UBS Europe chief Sergio P. Ermotti will take over immediately as interim chief executive until Gruebel's replacement is appointed.
Gruebel's departure caps 10 days of speculation over his future following the bank's announcement that a single London-based trader had evaded internal control systems and gambled away $2.3 billion.
The trader, 31-year-old Kweku Adoboli, was arrested Sept. 15 and charged with fraud and false accounting. A judge ordered him Thursday to be held in jail until a hearing next month.
The rogue trading loss is the third major scandal to hit Switzerland's biggest bank in recent years, and the second to come out of its investment unit. During the financial crisis, UBS was one of the European banks worst hit by failed investments in the subprime mortgage market. A year later, it became embroiled in an embarrassing U.S. tax evasion case.
UBS President Kaspar Villiger told reporters the board had tried to persuade Gruebel to stay until the bank's annual shareholder meeting next year, but the gravel-voiced German had wanted to send a strong signal about the trading loss immediately.
"He thinks that this act could maybe create a new basis for UBS to continue," said Villiger, who earlier noted that UBS wants to "turn this disaster into an opportunity."
Speculation has already begun over who is to succeed the 67-year-old Gruebel. Ermotti, a Swiss citizen who joined UBS from Italy's UniCredit, is considered a front-runner.
"Sergio is, of course, a strong candidate," said Villiger. He mentioned no other names.
Villiger said Gruebel, who was brought in more than two years ago to help revive the fortunes of the Zurich-based bank, had achieved "an impressive turnaround and strengthened UBS fundamentally."
Gruebel came out of retirement to lead UBS. A former trader, he steered the bank back to profit and resolved the U.S. tax evasion case, though not without blowing a hole in Switzerland's storied tradition of banking secrecy.
As head of UBS he also accepted new Swiss government rules that require the bank and its rival Credit Suisse to hold far greater capital reserves to prevent a possible collapse during a banking crisis.
"He steps down having helped make UBS one of the world's best capitalized banks," Villiger added.
Gruebel's resignation was inevitable, given the size of the loss and the bank's other recent risk-management failures, said Michael Robinson, a former U.S. Securities and Exchange Commission official who advises banks and companies on crisis communications.
"As soon as we found out that a single trader had lost what would surely have been their entire quarterly profit, [Gruebel] was just waiting to fall down and die," said Robinson, now a senior vice president at Levick Strategic Communications in Washington, D.C.
By responding quickly, Robinson said, UBS gave itself a chance to show it is serious about preventing similar problems in the future.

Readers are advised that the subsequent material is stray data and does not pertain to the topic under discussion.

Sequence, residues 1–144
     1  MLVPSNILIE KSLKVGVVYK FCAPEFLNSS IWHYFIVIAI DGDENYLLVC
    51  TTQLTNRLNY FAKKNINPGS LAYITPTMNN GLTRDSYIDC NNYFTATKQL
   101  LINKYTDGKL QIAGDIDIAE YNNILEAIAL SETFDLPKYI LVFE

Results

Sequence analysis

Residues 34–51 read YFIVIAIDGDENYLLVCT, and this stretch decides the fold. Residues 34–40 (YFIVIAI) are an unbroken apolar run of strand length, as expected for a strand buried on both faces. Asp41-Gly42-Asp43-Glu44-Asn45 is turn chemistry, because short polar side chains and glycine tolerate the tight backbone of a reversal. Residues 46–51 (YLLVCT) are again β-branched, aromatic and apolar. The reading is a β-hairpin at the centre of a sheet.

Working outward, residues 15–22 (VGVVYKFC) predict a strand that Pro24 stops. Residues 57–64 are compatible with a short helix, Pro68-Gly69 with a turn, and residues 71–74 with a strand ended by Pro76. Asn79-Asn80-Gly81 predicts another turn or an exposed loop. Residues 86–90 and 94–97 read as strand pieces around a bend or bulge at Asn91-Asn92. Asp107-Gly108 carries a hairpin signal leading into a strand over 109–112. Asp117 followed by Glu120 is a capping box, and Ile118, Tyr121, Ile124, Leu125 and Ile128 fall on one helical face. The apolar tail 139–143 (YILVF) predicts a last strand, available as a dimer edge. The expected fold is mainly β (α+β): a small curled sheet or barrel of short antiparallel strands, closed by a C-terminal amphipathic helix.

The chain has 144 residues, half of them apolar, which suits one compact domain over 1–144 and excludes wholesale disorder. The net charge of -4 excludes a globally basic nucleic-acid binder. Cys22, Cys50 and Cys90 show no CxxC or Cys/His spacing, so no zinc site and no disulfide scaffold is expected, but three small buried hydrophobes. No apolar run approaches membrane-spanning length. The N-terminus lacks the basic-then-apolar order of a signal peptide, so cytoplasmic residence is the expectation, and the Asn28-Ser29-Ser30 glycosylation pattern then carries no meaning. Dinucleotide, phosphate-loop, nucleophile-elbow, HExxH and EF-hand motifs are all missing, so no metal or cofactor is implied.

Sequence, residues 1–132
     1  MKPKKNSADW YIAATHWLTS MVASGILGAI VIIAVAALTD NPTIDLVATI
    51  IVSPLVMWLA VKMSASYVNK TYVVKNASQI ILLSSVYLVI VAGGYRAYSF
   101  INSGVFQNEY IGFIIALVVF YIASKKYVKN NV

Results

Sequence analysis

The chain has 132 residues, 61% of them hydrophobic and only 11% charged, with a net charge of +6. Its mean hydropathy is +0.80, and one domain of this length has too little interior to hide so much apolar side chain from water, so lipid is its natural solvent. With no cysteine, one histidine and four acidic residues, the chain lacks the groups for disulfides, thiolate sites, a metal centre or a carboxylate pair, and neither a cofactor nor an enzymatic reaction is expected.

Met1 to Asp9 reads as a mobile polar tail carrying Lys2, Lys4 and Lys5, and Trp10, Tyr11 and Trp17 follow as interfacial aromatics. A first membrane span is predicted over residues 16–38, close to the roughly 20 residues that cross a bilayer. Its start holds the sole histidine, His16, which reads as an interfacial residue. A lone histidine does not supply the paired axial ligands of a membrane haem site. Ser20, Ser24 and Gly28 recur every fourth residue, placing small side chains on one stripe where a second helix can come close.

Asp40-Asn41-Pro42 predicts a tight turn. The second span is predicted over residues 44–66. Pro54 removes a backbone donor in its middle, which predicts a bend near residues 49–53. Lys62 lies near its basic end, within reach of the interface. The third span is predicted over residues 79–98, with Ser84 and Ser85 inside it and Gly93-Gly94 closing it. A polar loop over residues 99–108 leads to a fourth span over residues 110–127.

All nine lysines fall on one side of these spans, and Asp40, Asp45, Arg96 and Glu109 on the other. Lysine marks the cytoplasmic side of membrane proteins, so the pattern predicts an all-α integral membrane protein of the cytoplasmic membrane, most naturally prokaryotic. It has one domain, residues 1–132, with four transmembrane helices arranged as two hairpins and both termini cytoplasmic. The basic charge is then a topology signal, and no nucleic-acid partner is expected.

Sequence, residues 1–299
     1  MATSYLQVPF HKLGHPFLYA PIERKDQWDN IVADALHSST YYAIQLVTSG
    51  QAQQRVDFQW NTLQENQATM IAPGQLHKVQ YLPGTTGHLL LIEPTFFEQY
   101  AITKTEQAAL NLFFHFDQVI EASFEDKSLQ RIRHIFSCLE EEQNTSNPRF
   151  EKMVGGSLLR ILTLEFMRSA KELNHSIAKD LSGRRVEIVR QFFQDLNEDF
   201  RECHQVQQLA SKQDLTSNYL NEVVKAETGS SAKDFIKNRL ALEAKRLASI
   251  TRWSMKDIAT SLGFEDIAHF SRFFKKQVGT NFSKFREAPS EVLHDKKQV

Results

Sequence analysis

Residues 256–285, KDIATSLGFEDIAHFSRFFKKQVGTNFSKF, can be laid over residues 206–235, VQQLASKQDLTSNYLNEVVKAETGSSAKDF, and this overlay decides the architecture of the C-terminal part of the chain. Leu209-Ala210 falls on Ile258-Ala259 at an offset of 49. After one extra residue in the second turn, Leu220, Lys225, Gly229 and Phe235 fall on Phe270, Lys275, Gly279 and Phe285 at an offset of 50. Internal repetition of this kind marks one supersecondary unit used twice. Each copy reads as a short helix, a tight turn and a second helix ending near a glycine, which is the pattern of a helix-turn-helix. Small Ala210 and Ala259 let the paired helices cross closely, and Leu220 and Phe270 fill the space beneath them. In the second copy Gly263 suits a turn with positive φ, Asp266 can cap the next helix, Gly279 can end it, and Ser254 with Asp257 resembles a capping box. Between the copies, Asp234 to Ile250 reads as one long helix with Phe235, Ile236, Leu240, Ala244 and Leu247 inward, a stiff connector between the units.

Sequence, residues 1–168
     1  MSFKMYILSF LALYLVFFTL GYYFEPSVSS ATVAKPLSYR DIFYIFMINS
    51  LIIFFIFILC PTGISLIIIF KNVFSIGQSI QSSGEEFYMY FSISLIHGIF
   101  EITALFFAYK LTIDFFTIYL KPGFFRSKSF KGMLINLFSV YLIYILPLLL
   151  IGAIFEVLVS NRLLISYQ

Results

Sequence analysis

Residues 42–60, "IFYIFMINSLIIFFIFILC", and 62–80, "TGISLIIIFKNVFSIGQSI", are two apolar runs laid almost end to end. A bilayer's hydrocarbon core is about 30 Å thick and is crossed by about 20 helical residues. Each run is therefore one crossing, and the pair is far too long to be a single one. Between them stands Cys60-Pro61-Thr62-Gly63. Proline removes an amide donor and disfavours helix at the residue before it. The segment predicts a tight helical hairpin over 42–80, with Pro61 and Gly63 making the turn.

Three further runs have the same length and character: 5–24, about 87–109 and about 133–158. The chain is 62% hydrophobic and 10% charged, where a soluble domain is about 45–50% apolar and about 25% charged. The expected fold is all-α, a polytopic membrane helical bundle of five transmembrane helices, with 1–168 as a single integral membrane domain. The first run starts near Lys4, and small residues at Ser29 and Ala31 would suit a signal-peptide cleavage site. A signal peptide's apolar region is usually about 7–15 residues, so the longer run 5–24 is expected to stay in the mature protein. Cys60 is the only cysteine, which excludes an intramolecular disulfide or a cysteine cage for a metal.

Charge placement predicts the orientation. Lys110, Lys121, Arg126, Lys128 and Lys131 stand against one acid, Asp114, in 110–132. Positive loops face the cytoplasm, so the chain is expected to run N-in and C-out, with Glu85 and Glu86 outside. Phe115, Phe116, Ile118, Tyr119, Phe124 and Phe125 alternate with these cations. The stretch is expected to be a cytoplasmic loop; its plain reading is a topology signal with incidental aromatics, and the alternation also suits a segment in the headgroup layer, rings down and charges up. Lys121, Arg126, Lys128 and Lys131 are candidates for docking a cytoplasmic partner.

But the bank still must win over investors with substantive changes to its leadership and risk-management policies, he said. A similarly orderly transition wasn't likely at a scandal-plagued U.S. bank, given the scrutiny banks in the U.S. get from regulators, Congress and a recession-weary public.
"This is very orderly; it's the kind of thing you'd expect from a European institution as opposed to an American institution," Robinson said.
The UBS board, which met in Singapore this week, said it would seek to put in place measures to prevent a similar rogue trading loss from recurring.
The bank said it would hold on to its integrated strategy, but that the investment business would be simplified to ensure there was less risk, using less capital to produce more reliable returns. Asked whether investment bank chief Carsten Kengeter would keep his job, Villiger said: "I do not see any reasons to doubt [his] future."
Earlier this week, the Government of Singapore Investment Corp. - the largest UBS shareholder - said in a rare public rebuke that it was concerned about lapses at UBS and called on the bank to restore confidence.
The sovereign wealth fund, which owns about 6.4 percent of UBS, has suffered heavy losses on its investment as the bank's share price has more than halved since it became a shareholder.
In Washington, Tharman Shanmugaratnam, deputy prime minister of Singapore and minister of finance, refused to comment on UBS developments on Saturday, insisting on the separation between the government and the Government of Singapore Investment Corporation decisions. He said he was sure the GSIC officials were in touch with UBS officials and Swiss regulators. Tharman was in Washington, chairing the meeting of the International Monetary Fund's policy-setting committee.
AP Business Writer Daniel Wagner and AP Economics Writer Martin Crutsinger in Washington contributed to this report.